Monday, June 23, 2008

New Babies in Bloom yahoo group!

For those of you who would like to connect with other like-minded parents, but just haven't found the right group yet, we invite you to join our new Babies in Bloom yahoo group.

As you experience the joy and excitement that a new baby brings, you may have questions and concerns. Many parents also say that they feel isolated from other adults during this transition.

We hope this message board will provide you a forum to make some friends, perhaps form a playgroup or find a few walking buddies and, most importantly, help to support you through this next chapter of your life.

Wednesday, June 18, 2008

The American Medical Association and Ricki Lake

Yesterday, the AMA issued a resolution stating "That our American Medical Association support the recent American College of Obstetricians and Gynecologists (ACOG) statement that 'the safest setting for labor, delivery, and the immediate post-partum period is in the hospital, or a birthing center within a hospital complex, that meets standards jointly outlined by the American Academy of Pediatrics (AAP) and ACOG, or in a freestanding birthing center that meets the standards of the Accreditation Association for Ambulatory Health Care, The Joint Commission, or the American Association of Birth Centers' iii (New HOD Policy)" The entire resolution can be read here.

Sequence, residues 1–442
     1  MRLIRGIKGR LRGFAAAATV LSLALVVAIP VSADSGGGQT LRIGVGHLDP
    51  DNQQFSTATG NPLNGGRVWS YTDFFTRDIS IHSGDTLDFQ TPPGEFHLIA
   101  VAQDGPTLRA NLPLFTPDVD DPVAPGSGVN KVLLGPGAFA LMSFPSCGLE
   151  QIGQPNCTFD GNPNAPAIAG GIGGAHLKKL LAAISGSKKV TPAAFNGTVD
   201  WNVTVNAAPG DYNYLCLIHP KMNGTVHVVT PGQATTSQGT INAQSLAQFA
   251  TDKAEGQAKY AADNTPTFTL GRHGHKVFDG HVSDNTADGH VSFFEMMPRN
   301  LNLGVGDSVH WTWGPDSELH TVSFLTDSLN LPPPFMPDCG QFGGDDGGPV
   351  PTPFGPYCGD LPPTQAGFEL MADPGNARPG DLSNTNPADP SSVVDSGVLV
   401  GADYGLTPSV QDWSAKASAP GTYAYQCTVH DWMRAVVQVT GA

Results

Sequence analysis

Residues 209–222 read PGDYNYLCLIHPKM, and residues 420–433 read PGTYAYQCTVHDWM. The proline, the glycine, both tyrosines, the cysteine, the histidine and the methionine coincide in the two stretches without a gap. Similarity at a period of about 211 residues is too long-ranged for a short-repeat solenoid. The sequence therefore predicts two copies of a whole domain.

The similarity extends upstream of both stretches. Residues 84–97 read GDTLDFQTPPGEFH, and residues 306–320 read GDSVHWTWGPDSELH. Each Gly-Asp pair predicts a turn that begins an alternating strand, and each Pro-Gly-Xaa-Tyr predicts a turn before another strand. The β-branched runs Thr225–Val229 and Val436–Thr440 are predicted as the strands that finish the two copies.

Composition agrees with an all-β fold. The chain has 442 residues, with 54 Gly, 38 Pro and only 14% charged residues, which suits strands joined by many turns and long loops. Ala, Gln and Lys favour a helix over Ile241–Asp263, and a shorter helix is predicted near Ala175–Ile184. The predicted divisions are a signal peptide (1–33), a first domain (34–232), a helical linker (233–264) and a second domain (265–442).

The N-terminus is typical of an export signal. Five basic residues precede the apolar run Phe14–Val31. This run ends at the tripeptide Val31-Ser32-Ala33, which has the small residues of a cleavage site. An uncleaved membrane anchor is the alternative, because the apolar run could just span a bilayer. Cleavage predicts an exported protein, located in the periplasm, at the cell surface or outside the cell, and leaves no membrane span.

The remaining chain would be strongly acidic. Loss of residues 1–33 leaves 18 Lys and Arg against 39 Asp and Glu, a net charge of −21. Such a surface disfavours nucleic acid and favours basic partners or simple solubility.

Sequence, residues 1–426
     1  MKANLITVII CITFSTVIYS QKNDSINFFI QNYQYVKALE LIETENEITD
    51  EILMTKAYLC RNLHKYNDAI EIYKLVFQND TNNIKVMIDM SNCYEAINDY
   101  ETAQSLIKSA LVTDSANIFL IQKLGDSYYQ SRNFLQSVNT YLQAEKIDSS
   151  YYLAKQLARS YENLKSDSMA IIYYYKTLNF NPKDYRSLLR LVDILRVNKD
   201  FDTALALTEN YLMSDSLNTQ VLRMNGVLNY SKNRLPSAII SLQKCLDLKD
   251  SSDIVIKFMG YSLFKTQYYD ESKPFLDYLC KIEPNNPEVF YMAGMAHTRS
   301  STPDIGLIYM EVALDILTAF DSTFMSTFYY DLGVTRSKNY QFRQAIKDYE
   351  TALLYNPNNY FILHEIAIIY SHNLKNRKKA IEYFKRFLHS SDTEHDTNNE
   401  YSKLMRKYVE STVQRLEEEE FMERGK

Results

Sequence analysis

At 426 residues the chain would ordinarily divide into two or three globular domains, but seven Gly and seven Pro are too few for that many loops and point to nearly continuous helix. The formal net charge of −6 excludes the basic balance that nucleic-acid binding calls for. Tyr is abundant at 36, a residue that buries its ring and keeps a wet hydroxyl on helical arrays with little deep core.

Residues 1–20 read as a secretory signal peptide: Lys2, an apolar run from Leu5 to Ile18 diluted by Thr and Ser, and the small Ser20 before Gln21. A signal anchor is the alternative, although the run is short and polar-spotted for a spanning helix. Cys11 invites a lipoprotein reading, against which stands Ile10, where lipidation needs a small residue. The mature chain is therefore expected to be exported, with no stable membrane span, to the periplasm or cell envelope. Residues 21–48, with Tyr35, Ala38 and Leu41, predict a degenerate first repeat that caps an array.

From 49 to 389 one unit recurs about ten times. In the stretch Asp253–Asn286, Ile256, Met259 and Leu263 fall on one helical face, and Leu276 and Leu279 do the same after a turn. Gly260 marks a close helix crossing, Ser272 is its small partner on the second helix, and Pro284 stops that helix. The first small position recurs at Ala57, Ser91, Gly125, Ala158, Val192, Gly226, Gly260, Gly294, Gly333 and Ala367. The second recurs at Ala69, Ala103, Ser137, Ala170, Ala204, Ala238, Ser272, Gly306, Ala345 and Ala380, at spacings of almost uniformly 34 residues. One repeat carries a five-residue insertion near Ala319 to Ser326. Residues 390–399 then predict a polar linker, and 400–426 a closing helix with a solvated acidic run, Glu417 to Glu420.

Today Ricki Lake, Jennifer Block and Abby Epstein responded. You can read their post (which includes actual home birth statistics) here.

If you haven't seen "The Business of Being Born" or read the book "Pushed," I would strongly recommend it. :)

Sunday, June 15, 2008

One Father's Day Wish - The Gift of Donor Breast Milk

Baby Isabella comes home. On this Father's Day, one father is grateful for the most extraordinary gift - donated breast milk.

Pittsburgh, PA (PRWEB) June 14, 2008 -- Jerry Sciulli's world was nothing but perfect less than 6 months ago. He and his loving wife, Kim, were expecting their first baby and were elated with the anticipation of becoming parents. Unfortunately, things did not go as planned. On January 9th 2008, Baby Isabella came into their world 3 months early and weighed only 1 pound and 4 and 2/3 ounces. Jerry and Kim dealt with the unexpected birth of Isabella as best they could.

When doctors told them that because Isabella was so weak, breast milk would increase her chance of survival, Kim started to pump immediately. Kim would try to pump at least 8 times a day and called her breast milk 'liquid gold.' As Isabella started to grow in her first couple of days of life both Jerry and Kim were thrilled. Then the unimaginable happened. Kim collapsed and died from a rare, unexpected heart problem called postpartum cardiomyopathy.